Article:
Nothing to be Gained Here
—Come git the head boy, Owen said. He paused and searched for his breath and rubbed slowly at his chest as if to free it. Horace cradled the hog’s head in his hands and he laughed and rocked on his feet.
—You gone take that to maw, Owen said, breathing heavily. He pushed Horace on and pointed to the house. Elsie Ayle stood at the door, hawking snuff upon the dirt. Her gray hair stood in a frightwig wiry and filthy and her breasts hung as heavy stones in a sling. She scratched at her sex and smelled her hand and wiped snuff and spittle from her lip. Behind her snakes sat piled two deep, their wire cages covered in stained quilts. Elsie could smell them and the strange musk of their skins.
—Come on boy, Elsie said, waving Horace up on the porch. She spat and took the hog’s head from him and disappeared into the dark house. A crazed lot of cats slipped from the door and stopped and marveled at Eugene and Kinard as they pulled organs from the hog.
Horace pointed and laughed and drew circles in air. He watched as a hawk floated above. Its wings teetered as it moved through ourobouros in a repetition at once banal and divine. Vultures joined the hawk and traced slow circle and dropped slowly closer to the earth and Horace pointed and laughed.
Eugene’s knife worked through connective tissue and the lungs fell and he ran the blade across the heart’s valves and plucked it from the carcass, the organ bright with blood. Kinard pulled the diaphragm with two hands and it came quick—a gore soaked cloth torn from its table. Eugene cut and pulled and spleen and liver were put into the steel tub, their shape not unlike a tortoise’s shell. The intestines rolled out and Eugene and Kinard cussed and fought with one another trying to keep them from the dirt. Owen laughed while Maddox stood and smoked his pipe, giddy and nearly drunk in the early November morning.
—Somethin, aint it, Maddox.
—What that, Owen.
—Them hogs we feed em and take after em an theys with us for years an then theys not.
—Way things work.
—Reckon so. Still aint sit right with me. How them go from bein to not bein like so.
—Aint gone there myself.
—Spose it get me right hard, Maddox. Spose it cut close on me. Soon ah gone be led out my pen and taken from bein to not.
—We all is, Owen.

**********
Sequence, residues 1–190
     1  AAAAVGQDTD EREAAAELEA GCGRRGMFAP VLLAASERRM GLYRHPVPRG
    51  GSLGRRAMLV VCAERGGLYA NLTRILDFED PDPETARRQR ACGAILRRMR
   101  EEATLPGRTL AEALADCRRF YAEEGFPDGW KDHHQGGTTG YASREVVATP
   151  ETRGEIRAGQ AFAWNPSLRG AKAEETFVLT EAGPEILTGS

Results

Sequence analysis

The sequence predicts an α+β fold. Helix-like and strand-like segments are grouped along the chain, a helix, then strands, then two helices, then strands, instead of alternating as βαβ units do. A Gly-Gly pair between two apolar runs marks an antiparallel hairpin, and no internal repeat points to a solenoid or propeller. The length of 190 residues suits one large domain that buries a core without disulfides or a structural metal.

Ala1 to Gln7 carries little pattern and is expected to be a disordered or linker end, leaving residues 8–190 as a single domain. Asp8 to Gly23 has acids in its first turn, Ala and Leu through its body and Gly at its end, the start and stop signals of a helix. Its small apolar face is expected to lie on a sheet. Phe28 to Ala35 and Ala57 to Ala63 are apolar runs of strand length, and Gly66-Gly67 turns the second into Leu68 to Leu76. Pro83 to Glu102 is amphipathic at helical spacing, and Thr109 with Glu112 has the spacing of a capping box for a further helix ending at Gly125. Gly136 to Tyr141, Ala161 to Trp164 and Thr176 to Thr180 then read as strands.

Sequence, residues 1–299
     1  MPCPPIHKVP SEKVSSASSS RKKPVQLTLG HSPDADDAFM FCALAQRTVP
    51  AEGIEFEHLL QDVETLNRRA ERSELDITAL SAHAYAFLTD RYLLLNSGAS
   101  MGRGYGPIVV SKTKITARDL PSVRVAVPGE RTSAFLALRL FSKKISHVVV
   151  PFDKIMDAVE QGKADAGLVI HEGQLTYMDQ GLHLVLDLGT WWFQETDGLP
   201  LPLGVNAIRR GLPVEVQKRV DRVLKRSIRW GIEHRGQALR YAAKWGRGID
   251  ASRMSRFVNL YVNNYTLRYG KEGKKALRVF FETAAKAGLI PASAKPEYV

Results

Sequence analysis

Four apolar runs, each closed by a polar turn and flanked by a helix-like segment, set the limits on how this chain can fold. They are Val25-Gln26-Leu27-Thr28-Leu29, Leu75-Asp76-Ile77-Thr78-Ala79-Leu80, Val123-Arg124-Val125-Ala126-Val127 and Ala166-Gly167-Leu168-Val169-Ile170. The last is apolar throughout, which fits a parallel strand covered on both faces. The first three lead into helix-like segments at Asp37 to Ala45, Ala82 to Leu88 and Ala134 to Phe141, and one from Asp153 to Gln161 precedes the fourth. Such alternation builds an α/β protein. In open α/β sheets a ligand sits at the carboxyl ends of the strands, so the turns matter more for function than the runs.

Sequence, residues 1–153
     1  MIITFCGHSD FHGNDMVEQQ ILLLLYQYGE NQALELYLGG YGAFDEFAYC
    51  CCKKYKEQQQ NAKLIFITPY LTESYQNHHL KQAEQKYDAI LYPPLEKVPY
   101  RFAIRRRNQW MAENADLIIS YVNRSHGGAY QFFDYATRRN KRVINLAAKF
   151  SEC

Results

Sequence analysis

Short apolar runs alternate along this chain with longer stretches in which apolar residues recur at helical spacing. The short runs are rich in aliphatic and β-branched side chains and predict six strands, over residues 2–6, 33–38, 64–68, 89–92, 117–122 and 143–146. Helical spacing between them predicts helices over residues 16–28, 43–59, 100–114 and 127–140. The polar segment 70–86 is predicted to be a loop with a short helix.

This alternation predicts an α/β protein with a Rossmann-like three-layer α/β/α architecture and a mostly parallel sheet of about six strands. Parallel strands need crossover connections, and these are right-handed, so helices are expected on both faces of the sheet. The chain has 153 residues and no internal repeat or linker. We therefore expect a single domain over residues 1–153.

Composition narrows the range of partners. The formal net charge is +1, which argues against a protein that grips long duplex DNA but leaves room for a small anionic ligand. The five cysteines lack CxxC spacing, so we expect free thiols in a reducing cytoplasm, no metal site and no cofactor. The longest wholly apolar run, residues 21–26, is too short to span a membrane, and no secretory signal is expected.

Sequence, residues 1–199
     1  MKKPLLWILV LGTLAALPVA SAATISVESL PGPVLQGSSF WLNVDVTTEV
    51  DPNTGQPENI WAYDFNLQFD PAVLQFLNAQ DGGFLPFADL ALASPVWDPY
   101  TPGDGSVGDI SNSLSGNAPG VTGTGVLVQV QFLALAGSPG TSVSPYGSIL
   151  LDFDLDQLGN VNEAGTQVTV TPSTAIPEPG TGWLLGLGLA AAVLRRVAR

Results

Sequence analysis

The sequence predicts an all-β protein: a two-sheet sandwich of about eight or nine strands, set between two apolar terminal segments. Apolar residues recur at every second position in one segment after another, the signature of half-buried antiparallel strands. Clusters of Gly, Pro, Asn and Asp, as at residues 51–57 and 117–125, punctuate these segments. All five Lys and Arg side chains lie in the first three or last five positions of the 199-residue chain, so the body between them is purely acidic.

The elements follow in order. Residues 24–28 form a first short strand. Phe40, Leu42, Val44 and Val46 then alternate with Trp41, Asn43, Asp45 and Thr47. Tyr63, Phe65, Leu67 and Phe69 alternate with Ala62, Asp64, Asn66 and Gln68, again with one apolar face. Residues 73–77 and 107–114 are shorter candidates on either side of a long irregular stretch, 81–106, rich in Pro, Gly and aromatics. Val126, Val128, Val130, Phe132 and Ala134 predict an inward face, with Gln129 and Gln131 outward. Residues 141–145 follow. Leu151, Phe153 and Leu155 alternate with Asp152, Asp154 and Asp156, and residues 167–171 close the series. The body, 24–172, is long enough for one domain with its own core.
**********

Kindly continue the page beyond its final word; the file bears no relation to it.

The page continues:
—Reckon ah might could have some of what theys have. That not knowin. Somethin said for that. They aint known it comin. And then it do. When it come it jus come. It jus happen.
—Try an tell me you aint in a better place for it.
—Aint feel like it. Aint feel at all like it. Wager there aint nothin gained here.
—Here ah church an here ah steeple an open they door an seen all they peoples, Horace said, his fingers folded over and writhing in a mess of clotted blood.
Maddox bubbled the bottle.
End of Part II
Author interview continued-
Stewart Voegtlin hunting, 2008
More than anywhere else...Where do you like to be?
If it's not in a hunting blind or standing in a river fly-fishing, it's at home with my wife and 20-month-old son. He's changed my life in so many ways and made me want to be things I never thought I could be.
Where do you want to go?
To Oxford, MS to Faulkner's home, Rowan Oak. My church I've yet to attend.
Where did you come from?
The dirty south. Atlanta, Georgia. It gets a bad rap, and rightfully so. But you can drive for an hour and see nothing but mountains and water and converse with people who don't know what an i-Phone app or Kindle is. That's my idea of heaven.
Where do you wish you came from?
I used to be infatuated with New York City. But now it makes me nervous and depressed. I'm older and need quiet to think. I don't know how you stand it sometimes.
Where are you?
I'm in my den typing on a borrowed laptop while my son tears the house apart. It's time for us to go on our morning run and he's getting antsy.
Part III of 'Nothing To Be Gained Here' and author interview concludes tomorrow.